Singapore: The Limits of a Technocratic Approach to Healthcare

A girl covering her face as she is being vaccinated for smallpox on 16 April 1959.

This article is part of New Naratif’s coverage of the Singapore General election 2020. For more, please visit our Singapore General Election 2020 portal. It was written before the ongoing novel coronavirus crisis.

In 1982, Singapore’s then-Health Minister Goh Chok Tong bravely boasted that his country’s health system was among the “best in the world”. At the same time, he foreshadowed its complete overhaul: “We should not rest on our laurels, looking down from Mount Everest. In organisational efficiency, in the pursuit of quality and excellence, there can be no highest peak.”[1] In February 2004, then-Health Minister Khaw Boon Wan raised the bar for hyperbole, defining his ideal as a healthcare system that has no patients. A month later, he declared his satisfaction that Singapore’s healthcare financing system was “probably” the best in the world.[2]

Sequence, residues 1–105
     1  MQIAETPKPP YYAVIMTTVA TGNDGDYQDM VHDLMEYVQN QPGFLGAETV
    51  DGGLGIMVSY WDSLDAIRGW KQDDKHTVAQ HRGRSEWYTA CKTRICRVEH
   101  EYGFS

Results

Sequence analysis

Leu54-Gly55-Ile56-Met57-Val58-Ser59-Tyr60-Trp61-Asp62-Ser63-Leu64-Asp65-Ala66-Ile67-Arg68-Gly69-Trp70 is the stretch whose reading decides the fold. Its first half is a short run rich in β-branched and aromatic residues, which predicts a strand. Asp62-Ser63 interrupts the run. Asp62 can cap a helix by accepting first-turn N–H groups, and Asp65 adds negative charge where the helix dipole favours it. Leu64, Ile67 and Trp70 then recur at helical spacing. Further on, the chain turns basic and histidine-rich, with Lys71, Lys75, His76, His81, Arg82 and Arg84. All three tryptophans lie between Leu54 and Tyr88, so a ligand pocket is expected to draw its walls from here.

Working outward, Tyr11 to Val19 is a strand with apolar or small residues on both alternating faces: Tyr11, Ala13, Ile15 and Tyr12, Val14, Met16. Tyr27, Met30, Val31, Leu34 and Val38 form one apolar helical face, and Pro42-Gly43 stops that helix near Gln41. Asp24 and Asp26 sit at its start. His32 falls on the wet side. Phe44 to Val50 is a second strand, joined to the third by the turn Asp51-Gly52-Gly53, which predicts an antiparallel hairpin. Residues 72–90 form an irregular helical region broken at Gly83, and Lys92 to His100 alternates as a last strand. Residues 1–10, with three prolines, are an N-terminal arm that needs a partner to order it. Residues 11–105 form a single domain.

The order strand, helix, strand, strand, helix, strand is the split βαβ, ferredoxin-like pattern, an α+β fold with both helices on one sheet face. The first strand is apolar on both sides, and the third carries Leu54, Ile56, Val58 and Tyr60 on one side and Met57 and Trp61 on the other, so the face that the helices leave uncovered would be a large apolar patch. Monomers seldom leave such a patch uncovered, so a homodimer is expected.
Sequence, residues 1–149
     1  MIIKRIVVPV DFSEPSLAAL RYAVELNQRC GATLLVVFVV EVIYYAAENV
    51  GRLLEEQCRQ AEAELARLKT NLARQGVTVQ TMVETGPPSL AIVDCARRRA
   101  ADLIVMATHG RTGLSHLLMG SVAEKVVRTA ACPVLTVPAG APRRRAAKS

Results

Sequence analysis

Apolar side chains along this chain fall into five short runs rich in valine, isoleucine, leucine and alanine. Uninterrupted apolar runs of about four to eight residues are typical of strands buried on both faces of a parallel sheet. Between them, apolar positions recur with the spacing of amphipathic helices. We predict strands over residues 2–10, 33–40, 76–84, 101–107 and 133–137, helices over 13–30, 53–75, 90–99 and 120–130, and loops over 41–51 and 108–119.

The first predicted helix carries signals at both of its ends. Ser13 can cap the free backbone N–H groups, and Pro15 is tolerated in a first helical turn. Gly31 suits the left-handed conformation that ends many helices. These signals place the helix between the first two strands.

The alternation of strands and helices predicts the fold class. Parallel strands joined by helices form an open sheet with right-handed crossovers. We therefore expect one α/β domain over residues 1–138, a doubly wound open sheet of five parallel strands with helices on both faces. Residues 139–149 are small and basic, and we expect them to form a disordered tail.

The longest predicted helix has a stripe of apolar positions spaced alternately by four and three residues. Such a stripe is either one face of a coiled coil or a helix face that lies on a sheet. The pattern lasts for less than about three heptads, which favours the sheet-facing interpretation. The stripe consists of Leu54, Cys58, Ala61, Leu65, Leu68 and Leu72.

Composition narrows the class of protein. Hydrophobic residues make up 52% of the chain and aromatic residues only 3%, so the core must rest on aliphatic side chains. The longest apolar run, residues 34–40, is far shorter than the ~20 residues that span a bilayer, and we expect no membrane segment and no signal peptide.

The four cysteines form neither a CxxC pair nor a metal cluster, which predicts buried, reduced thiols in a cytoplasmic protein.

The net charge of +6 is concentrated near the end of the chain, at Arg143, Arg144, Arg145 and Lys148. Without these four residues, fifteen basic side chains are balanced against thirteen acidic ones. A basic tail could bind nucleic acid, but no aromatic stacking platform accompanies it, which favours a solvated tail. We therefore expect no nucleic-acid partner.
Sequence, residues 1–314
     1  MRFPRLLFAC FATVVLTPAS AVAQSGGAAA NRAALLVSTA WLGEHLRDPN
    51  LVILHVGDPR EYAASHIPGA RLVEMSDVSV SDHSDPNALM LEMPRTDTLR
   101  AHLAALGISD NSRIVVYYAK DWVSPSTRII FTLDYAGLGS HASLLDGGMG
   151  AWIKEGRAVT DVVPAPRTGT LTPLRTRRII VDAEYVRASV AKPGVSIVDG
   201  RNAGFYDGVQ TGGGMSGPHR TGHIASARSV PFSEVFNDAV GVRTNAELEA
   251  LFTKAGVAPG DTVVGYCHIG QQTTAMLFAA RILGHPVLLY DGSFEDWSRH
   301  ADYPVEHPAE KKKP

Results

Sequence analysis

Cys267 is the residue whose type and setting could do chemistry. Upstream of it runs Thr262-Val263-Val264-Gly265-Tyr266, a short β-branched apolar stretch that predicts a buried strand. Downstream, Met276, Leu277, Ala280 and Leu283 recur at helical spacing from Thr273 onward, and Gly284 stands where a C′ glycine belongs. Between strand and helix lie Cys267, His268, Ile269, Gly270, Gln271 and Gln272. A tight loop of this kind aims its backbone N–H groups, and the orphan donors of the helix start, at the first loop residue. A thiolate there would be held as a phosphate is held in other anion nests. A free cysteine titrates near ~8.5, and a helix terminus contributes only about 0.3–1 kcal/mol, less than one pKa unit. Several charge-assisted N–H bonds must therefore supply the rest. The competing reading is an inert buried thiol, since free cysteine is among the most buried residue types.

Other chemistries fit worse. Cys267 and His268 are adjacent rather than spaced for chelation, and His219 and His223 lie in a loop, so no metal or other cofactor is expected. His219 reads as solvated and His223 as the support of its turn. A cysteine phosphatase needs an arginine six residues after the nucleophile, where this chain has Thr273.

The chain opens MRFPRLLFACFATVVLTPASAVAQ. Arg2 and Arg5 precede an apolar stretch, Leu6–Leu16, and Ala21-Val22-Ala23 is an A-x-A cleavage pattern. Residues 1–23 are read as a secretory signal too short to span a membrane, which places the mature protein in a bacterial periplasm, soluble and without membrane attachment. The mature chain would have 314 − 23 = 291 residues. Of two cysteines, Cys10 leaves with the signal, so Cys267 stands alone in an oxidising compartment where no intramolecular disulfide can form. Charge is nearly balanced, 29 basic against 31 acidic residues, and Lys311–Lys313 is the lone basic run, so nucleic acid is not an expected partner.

By its own bold claims, the Singapore government has consciously set itself up as a test case: can the relentless pursuit of “organisational efficiency”, “excellence and quality” solve the problem of the cost of delivering healthcare in a modern capitalist society? This question also goes to a much broader element of the government’s legitimating rationale: its claim that its at times seemingly hard-hearted and overbearing governance reflects the application of dispassionate and disinterested reason, and is the basis of Singapore’s success and prosperity.[3]

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